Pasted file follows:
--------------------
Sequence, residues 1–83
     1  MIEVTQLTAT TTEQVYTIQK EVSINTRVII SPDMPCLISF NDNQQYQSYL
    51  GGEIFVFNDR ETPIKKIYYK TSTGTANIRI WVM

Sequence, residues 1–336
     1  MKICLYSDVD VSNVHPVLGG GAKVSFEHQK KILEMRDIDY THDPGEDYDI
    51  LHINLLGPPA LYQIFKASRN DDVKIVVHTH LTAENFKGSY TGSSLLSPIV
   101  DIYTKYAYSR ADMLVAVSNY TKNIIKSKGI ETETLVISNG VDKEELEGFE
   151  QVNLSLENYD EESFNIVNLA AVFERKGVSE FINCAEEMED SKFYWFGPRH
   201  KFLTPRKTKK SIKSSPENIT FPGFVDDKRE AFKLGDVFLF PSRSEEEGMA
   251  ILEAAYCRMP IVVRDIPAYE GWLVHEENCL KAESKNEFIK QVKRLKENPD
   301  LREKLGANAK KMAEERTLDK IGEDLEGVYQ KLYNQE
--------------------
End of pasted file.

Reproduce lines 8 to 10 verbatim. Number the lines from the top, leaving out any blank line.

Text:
   151  QVNLSLENYD EESFNIVNLA AVFERKGVSE FINCAEEMED SKFYWFGPRH
   201  KFLTPRKTKK SIKSSPENIT FPGFVDDKRE AFKLGDVFLF PSRSEEEGMA
   251  ILEAAYCRMP IVVRDIPAYE GWLVHEENCL KAESKNEFIK QVKRLKENPD